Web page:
Aidini v. Costco Wholesale Corporation
ORDER Denying 47 Motion in Limine to preclude request for specific amount of non-economic damages. Signed by Judge Andrew P. Gordon on 4/10/17. (Copies have been distributed pursuant to the NEF - MR)
UNITED STATES DISTRICT COURT
DISTRICT OF NEVADA
Case No. 2:15-cv-00505-APG-GWF
COSTCO WHOLESALE CORPORATION,
ORDER DENYING MOTION IN
LIMINE TO PRECLUDE REQUEST
FOR SPECIFIC AMOUNT OF NONECONOMIC DAMAGES
(ECF No. 47)
Defendant Costco Wholesale Corporation moves to preclude plaintiff Artano Aidini from
requesting the jury to award a specific amount of non-economic damages, contending that such a
request would undermine the jury’s independence by “anchoring” it to a number provided by
Aidini. Aidini responds that Costco offers no binding authority for such a limitation and that
most jurisdictions defer the matter to the judge’s discretion at trial.
Trial courts have “wide discretion” as to the presentation of evidence and argument at
trial. See United States v. Layton, 767 F.2d 549, 554 (9th Cir. 1985). While the Ninth Circuit has
not directly opined on the subject, most courts apply the same flexible approach to the issue of
whether and how plaintiffs’ counsel may request specific damages amounts for pain and
suffering. See, e.g., Lightfoot v. Union Carbide Corp., 110 F.3d 898, 912 (2d Cir. 1997) (“It is
best left to the discretion of the trial judge, who may either prohibit counsel from mentioning
specific figures or impose reasonable limitations, including cautionary jury instructions.”);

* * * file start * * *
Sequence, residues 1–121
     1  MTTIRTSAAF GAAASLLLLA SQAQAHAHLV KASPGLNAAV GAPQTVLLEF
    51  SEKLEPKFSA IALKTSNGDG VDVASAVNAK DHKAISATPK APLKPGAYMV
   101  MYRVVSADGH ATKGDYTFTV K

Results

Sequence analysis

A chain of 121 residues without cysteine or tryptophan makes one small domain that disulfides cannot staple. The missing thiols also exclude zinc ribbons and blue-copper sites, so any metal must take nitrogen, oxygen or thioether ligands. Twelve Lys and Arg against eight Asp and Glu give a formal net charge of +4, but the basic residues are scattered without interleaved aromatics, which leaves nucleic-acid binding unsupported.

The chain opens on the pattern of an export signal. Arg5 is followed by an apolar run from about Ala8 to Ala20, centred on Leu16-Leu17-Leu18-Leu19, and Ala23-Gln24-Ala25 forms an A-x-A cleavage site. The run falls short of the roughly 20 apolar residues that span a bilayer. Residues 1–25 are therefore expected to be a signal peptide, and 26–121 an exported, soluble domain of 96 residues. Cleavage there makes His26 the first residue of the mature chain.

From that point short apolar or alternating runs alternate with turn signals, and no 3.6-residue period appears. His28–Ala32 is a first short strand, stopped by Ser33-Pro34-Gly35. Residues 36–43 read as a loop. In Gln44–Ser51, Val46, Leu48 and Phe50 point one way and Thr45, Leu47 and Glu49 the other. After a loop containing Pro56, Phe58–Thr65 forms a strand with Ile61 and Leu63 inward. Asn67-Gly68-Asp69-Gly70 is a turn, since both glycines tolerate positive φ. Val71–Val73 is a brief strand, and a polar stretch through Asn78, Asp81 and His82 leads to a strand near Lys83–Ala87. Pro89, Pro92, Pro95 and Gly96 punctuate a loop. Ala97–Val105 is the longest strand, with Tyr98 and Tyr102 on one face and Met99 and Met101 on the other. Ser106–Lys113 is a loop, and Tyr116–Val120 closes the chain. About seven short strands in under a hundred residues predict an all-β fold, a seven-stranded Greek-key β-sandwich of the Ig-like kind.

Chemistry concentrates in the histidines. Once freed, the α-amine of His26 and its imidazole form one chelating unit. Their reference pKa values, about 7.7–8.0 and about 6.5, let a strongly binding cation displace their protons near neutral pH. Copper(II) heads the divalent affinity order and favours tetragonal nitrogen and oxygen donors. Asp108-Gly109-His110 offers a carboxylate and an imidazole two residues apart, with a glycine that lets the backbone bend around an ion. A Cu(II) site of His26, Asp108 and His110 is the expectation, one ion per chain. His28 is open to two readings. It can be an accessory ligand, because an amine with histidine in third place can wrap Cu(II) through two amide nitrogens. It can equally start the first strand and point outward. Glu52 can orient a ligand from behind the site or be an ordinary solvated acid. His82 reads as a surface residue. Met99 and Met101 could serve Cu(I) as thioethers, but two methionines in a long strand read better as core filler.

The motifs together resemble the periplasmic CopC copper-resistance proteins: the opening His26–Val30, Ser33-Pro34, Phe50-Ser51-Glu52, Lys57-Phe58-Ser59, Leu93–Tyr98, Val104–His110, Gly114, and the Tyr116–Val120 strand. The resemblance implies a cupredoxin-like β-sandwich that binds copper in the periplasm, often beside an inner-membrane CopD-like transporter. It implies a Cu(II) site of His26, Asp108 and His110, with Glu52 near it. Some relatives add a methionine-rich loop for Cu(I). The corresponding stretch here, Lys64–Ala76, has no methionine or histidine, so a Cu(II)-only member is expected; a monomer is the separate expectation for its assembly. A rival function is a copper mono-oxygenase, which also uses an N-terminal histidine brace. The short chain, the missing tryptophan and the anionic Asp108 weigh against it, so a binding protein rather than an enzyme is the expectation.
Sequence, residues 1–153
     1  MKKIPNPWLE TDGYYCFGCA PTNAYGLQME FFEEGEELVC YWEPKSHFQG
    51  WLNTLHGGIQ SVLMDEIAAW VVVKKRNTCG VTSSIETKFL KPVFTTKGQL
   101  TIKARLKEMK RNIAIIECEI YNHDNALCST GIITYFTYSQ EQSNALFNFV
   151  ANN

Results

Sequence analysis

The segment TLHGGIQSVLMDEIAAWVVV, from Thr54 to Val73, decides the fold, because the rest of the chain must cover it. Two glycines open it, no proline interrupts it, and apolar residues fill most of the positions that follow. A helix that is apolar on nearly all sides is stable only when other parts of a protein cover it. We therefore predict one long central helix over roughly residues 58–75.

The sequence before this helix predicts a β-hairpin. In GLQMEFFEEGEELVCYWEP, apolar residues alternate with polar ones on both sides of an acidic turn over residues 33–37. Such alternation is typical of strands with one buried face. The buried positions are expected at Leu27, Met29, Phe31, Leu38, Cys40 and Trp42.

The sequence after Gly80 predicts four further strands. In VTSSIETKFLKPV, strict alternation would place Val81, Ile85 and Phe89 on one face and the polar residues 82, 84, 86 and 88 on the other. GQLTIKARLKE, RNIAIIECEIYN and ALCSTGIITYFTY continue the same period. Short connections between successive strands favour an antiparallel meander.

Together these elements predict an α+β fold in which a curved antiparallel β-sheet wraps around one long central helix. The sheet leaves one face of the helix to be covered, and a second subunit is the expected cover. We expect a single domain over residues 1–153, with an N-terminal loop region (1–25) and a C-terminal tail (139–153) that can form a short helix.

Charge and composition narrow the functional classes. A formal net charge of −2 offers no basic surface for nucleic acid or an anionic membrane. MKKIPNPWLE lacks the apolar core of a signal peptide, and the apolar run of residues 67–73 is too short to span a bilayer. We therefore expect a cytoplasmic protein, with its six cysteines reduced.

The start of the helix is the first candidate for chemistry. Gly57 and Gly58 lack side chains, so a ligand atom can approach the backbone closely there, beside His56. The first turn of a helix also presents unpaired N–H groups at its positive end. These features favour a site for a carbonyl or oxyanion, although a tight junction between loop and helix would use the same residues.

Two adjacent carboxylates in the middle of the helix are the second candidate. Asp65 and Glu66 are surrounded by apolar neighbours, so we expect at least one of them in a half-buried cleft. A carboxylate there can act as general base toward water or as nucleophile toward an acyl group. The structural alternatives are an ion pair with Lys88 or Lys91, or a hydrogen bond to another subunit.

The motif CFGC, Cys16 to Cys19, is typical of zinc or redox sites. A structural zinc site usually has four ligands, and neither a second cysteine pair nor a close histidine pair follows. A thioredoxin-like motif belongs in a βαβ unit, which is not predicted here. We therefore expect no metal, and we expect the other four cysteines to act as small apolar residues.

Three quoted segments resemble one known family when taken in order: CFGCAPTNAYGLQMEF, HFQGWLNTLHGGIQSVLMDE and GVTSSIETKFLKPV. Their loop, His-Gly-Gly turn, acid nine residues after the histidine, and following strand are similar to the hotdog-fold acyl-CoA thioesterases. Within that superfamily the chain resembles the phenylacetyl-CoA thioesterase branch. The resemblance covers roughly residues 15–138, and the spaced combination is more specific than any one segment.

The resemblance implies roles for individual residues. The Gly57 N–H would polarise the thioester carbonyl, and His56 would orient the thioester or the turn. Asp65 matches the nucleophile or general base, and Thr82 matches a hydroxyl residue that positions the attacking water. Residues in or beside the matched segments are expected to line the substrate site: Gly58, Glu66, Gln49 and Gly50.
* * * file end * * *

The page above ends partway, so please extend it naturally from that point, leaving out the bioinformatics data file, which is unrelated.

Barnard v. Las Vegas Metro. Police Dep’t, No. 2:03-CV-01524-RCJ-LRL, 2011 WL 2413155, at
*5 (D. Nev. June 7, 2011)1 (“In the Nevada state courts, such a suggestion may only be made to
the jury as an illustration of how to make a calculation, and it results in error if the trial court does
Aff’d in part, vacated in part, rev’d in part on other grounds sub nom. Barnard v. Theobald, 721
F.3d 1069 (9th Cir. 2013).
not sufficiently admonish the jury that the suggestion can only be used as a method of calculation,
not as a suggestion of amount.” (citing Johnson v. Brown, 345 P.2d 754, 759 (Nev. 1959)).
I agree that a flat prohibition on such argument is unnecessary and potentially deprives the
jury of guidance on how it might arrive at a determination. Costco is equally able to offer its own
arguments as to why Aidini’s pain and suffering, if any, would merit a lesser damages amount. I
advise both sides that if they wish to make such an argument, they must admonish the jury along
the following lines: the argument offering a calculation of non-economic damages is not
evidence, but simply argument that the jury is free to accept or reject. Non-economic damages
are not dictated by legal precedent or mathematical formulae, but rather the jury must use its own
estimates and reasoning to reach a figure appropriate to the specific case.
IT IS THEREFORE ORDERED that defendant Costco’s motion in limine to preclude the
plaintiff from requesting the jury to award a specific amount of non-economic damages (ECF No.
47) is DENIED.
DATED this 10th day of April, 2017.
ANDREW P. GORDON
UNITED STATES DISTRICT JUDGE
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